|Monday, February 22, 2010|
Life in the Antarctic
What a day! Welcomed gratefully after two slightly frustrating days of walking in what seemed like a monotonous excursion from the mess to the scullery. The last 24 hours have been interrupted by loud, banging, crunching sounds of uncompromising icebergs hitting the hull. Some of which bring wide-eyed expressions even to the engineers, who surely can’t be too alarmed knowing that we have an ice-class vessel. The scene outside has been one of the most beautiful surroundings we have seen so far - an unfamiliar world of thick ICE! I feel so grateful to be able to be in this amazing part of the globe, surrounded by beautiful undulating white ice sculptures and pristine air that is spoiling the lungs with too much of a good thing. Much respect must be given to the animals that live here in this freezer. Just today we have seen more mammals than we have seen any time before: the Antarctic fur seal, Crabeater seal, and the fascinating Leopard seal. Accompanied by the ever-present Albatross friend as our local guide.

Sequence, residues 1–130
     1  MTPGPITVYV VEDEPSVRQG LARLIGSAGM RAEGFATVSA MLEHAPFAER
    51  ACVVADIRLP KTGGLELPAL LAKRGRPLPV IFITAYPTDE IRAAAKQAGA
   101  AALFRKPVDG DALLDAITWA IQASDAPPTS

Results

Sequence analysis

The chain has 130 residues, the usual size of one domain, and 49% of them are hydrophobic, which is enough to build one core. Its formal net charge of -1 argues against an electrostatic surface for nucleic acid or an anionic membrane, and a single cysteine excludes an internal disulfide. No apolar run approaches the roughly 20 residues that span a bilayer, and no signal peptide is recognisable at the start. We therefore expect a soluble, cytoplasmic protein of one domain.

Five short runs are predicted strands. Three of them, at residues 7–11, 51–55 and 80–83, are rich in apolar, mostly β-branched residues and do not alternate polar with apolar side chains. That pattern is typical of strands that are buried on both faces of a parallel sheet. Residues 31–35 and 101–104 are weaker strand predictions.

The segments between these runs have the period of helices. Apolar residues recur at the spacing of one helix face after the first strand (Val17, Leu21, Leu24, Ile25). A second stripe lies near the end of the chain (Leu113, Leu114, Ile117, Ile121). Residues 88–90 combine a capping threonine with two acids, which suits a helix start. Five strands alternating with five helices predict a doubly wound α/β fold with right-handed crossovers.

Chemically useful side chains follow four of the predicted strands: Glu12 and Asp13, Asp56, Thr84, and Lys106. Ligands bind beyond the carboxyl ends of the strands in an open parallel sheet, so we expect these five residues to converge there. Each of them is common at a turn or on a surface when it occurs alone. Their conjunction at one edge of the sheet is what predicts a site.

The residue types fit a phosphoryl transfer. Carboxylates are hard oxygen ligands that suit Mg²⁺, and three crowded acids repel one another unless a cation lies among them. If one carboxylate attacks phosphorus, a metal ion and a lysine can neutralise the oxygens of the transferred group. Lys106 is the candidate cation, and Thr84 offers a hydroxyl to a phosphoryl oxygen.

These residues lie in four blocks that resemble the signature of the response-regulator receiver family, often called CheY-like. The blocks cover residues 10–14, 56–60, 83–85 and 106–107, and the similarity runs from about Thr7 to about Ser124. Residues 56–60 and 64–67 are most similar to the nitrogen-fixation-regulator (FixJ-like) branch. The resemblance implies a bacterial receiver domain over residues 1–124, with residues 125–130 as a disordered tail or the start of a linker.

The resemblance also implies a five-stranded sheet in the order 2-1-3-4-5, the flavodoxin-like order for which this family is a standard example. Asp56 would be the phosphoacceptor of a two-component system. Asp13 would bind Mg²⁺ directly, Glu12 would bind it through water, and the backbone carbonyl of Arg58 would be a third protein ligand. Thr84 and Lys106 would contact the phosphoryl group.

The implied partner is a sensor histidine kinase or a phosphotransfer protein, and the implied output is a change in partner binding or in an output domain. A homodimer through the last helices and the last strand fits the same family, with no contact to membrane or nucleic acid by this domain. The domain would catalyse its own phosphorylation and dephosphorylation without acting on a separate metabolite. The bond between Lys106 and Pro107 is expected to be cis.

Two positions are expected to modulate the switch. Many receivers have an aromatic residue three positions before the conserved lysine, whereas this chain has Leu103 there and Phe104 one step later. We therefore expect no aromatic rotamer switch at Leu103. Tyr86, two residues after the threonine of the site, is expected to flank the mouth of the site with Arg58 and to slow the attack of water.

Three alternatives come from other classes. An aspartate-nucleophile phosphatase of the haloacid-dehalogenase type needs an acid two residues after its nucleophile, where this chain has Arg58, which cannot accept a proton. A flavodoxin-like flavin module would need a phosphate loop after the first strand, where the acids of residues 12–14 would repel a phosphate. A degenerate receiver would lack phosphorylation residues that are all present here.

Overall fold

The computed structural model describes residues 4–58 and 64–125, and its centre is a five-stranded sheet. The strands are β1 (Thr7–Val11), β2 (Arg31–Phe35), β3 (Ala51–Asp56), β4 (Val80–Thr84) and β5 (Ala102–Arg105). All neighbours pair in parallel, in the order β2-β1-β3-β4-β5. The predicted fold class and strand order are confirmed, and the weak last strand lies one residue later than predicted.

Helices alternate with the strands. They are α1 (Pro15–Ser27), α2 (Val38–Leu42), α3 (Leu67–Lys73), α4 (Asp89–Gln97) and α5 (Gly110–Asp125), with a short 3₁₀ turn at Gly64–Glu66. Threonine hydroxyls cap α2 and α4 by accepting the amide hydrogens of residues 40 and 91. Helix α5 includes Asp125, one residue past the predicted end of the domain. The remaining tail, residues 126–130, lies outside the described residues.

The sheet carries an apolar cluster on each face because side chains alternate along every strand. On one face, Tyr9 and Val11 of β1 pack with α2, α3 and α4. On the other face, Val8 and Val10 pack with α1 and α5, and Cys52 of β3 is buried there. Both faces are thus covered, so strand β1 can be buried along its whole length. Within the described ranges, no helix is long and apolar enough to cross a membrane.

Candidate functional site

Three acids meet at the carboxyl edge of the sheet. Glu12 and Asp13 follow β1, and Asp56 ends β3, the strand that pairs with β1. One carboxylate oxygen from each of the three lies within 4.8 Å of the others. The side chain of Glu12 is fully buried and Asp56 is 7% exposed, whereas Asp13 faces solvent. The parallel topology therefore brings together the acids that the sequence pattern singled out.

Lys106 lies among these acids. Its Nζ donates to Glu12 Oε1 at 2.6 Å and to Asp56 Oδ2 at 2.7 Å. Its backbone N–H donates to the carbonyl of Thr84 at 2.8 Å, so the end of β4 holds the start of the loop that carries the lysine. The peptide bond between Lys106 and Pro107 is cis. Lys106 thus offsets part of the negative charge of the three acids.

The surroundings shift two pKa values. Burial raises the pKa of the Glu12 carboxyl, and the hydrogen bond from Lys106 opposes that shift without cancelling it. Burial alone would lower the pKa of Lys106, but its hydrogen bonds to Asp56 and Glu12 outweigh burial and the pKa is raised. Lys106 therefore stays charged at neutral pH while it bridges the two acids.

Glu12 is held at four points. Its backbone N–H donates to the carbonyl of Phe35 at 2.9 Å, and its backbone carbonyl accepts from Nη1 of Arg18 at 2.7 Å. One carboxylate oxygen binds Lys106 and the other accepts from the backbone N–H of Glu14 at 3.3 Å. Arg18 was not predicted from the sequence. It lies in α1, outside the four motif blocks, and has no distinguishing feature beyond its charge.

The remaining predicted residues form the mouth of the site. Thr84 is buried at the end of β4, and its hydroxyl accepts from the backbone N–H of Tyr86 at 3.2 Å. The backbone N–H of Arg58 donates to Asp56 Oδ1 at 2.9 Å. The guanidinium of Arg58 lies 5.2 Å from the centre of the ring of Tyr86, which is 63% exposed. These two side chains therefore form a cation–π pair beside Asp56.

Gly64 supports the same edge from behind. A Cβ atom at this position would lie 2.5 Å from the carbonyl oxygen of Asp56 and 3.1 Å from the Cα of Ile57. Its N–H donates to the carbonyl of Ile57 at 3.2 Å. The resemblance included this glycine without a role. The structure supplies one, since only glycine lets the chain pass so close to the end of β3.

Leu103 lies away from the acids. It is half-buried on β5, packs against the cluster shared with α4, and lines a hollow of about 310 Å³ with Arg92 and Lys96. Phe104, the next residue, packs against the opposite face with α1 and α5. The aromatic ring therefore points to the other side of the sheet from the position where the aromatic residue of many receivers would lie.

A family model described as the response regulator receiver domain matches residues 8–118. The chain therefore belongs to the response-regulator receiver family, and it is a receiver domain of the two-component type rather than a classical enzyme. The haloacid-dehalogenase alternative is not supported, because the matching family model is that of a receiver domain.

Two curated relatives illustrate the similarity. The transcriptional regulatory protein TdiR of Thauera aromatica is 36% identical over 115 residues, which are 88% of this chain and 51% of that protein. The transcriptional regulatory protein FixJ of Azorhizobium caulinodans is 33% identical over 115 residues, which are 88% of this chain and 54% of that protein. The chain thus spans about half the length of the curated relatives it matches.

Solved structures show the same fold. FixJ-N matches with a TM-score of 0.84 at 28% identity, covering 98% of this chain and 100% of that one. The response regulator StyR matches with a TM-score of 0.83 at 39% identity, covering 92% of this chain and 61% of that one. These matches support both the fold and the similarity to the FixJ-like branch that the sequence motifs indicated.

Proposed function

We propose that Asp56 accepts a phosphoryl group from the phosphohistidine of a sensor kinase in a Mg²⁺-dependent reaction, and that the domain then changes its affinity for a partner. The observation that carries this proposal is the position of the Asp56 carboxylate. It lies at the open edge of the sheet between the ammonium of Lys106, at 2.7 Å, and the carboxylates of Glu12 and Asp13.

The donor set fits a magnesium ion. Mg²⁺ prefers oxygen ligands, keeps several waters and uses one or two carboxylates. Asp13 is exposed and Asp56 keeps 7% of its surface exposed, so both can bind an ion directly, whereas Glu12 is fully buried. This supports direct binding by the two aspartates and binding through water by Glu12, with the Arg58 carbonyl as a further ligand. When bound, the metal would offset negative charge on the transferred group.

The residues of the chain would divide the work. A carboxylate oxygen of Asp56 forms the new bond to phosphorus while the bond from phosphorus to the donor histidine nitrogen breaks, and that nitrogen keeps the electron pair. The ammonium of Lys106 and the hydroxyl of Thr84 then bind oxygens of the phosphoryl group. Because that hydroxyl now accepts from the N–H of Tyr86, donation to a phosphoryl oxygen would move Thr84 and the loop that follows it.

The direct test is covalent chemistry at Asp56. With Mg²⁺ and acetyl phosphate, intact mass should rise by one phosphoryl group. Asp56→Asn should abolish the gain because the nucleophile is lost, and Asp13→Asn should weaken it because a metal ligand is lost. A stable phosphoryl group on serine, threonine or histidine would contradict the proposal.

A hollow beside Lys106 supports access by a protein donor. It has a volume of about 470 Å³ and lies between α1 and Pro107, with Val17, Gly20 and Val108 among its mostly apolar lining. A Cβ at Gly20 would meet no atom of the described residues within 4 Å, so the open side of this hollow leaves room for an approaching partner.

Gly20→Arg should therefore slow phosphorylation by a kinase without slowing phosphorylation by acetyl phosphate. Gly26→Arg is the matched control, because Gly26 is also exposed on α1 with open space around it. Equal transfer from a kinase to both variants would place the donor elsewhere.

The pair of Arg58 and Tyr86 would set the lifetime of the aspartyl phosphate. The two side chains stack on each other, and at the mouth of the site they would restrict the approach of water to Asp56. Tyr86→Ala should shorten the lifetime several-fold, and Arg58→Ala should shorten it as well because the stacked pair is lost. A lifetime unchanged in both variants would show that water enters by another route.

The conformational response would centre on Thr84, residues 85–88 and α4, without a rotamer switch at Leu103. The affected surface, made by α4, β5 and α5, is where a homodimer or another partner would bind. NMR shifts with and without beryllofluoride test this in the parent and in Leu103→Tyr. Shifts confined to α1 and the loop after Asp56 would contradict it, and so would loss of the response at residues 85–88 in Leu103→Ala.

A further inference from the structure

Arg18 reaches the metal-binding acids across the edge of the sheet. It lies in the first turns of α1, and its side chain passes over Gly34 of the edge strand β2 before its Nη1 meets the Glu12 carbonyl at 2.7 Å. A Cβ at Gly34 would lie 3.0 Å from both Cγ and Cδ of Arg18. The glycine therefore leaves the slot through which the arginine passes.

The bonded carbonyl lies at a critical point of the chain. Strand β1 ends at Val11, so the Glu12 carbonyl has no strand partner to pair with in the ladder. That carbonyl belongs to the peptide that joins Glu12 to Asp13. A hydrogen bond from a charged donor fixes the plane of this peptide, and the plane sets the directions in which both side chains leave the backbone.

The Nisshin Maru has taken the Steve Irwin and us into the deep depths of the Antarctic ice, hoping they could lose us this way for sure.
The day has been full of great cheer from both crews. We have swapped a few bodies with the Steve Irwin, exchanged rare resources of fresh fruit, vegan meat, anti-whaling tools, and Luke's much needed technical equipment. A slightly awkward moment handing over his parcel which had got misplaced amongst the butyric acid box delivery - unfortunately the smell had already penetrated into the bag and undoubtedly into the wires. Wow… that stuff stinks.
I had a dream the other night that Japan became the world’s top nation in leading the environmental movement. Maybe they can do a u-turn and make up for all their exploitation of our oceans our oceans. Come on Mr Yukio Hatayama, be clever!